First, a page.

Tuesday, March 28, 2006

Question of Hurricane Wind Damage vs. Water Damage Is One for the Jury; Scruggs Alleges Insurance Company "Coerced and Altered Engineering Reports"

In a federal district court in Mississippi, Judge L.T. Senter, Jr. rebuffed Allstate Insurance Company's request to dismiss a case brought against two of their policyholders. Allstate had refused to provide coverage for damage to the home of Elmer and Alexa Buente of Gulfport, Mississippi, despite a question as to whether the damage was caused by wind, and particularly, the hurricane's wind-driven storm surge.

As reported by the AP:

Richard "Dickie" Scruggs called the ruling "a huge victory" for all Allstate policyholders whose post-Katrina claims were denied. "This was their kill shot," Scruggs said of Allstate's motion to dismiss the case. "They asked for the case to be thrown out. Instead, it was rejected right back in the faces."

. . .

. . . Scruggs said he's gathering evidence that companies are pressuring engineers to alter their conclusions on storm damage so claims can be denied.

Scruggs said a whistleblower -- a "highly placed insider" at a major insurance company -- has given him copies of "coerced and altered engineering reports" that companies tried to keep "under lock and key."

Mississippi Attorney General Jim Hood also is suing insurance companies for denying Katrina claims. Hood has said he also is investigating insurance companies for their "fraudulent" handling of claims.

Update: Biloxi's Sun Herald has more:
State Insurance Commissioner George Dale sent the company [State Farm] a stern letter Monday demanding an explanation [for its frequent use of concurrent causation clauses to deny coverage].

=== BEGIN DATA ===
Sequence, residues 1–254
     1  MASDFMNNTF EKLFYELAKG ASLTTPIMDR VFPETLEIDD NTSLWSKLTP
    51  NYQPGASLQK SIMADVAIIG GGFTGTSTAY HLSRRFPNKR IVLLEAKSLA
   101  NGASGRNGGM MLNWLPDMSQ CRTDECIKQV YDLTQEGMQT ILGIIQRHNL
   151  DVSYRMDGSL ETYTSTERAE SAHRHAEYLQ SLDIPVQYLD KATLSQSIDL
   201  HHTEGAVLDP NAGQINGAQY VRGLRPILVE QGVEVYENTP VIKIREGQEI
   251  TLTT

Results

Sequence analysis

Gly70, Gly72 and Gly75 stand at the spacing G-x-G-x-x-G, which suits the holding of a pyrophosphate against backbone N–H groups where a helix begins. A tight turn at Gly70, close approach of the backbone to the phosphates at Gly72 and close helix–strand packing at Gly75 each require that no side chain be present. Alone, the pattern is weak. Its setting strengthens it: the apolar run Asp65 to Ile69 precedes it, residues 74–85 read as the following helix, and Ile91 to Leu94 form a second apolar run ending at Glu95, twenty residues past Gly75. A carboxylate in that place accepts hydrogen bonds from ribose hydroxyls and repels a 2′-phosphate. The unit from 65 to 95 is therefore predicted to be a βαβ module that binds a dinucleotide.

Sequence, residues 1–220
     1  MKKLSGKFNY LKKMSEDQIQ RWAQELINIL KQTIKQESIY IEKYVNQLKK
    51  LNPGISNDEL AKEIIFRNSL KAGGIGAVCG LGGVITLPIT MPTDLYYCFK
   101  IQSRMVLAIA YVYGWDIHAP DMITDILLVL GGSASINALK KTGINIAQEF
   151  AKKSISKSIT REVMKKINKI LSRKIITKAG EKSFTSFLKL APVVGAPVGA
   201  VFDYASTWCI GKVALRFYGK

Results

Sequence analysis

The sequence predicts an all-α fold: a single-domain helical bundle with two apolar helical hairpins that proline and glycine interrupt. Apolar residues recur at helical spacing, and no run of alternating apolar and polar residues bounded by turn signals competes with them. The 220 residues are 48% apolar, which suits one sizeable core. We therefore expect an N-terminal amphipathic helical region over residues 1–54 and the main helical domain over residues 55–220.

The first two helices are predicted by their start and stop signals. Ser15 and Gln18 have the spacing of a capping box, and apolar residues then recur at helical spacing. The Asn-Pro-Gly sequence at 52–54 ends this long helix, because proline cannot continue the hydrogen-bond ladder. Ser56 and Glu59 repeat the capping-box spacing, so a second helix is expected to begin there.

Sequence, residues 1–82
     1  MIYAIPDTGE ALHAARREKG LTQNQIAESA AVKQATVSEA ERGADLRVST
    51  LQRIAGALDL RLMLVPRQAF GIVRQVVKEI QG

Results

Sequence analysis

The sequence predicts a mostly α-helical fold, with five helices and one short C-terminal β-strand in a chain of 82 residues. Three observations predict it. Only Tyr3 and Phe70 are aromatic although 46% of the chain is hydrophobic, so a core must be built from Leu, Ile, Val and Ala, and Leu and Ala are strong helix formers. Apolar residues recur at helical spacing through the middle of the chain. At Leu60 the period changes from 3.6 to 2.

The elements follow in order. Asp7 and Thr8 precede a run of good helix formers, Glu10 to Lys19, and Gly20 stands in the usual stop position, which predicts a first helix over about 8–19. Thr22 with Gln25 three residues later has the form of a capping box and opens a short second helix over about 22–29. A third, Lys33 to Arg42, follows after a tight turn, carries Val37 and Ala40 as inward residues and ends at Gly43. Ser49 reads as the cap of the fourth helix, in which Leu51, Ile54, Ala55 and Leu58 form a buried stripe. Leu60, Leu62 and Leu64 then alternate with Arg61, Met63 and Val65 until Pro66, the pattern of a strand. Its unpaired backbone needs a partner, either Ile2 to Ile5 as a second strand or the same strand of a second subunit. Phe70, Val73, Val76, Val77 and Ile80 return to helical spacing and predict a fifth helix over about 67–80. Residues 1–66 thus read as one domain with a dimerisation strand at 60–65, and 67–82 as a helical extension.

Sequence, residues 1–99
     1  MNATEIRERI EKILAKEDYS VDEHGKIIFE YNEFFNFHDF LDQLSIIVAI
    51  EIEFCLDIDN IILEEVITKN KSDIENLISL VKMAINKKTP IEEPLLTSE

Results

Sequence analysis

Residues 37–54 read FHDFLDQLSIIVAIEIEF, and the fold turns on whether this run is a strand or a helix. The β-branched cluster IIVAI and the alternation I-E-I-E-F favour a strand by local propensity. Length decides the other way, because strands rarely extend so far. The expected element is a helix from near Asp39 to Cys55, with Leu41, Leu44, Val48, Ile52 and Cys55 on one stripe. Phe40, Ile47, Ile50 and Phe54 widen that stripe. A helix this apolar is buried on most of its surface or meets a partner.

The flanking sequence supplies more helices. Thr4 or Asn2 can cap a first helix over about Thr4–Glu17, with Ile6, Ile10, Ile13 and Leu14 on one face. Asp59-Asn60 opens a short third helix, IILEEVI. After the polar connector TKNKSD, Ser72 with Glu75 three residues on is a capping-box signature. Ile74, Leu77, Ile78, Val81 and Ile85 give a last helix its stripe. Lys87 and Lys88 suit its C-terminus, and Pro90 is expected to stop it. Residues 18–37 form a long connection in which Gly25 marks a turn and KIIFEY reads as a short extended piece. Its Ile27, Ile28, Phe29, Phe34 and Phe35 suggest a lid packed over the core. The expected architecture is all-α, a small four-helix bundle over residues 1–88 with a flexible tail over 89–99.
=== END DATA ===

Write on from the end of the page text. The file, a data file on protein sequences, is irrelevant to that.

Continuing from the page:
. . .

He wrote to State Farm: "More specifically, we are hearing from your insureds who have slab claims as a result of Hurricane Katrina who complain that State Farm is supposedly taking the position that even if a dwelling suffered wind damage prior to the arrival of storm surge, no claim payment for wind damage is due since the water would have washed the structure away anyway, notwithstanding the damage caused by wind.

"If this is State Farm's position, it is contradictory to representations made by State Farm to Department representatives."

. . .

Although each company's policy language differs somewhat, [Gulfport attorney Ben] Galloway thinks the ruling [of U.S. District Court Judge Judge Senter] will apply to other insurance companies, too. It was all the talk Monday in legal circles.

"(Senter) found that these clauses are ambiguous and that they don't meet the expectations of the insureds that they will have coverage," Galloway said.

. . .

. . . "They are telling everyone that they do not have to pay, whether the wind tore our house(s) up and blew them away because, ultimately, the water came in. We had Hurricane Coverage.

"Would someone please tell me what in the world Hurricane Coverage covers?"

Second update (4/14/06):

The Sun Herald has further coverage of a new Judge Senter decision. Although policyholders will continue to disagree and press the argument in other courts, it is Senter's opinion that certain terms of Allstate policies are "clear and unambiguous" in excluding damage from "tidal waters." A fact-specific inquiry concerning wind vs. water remains for trial.


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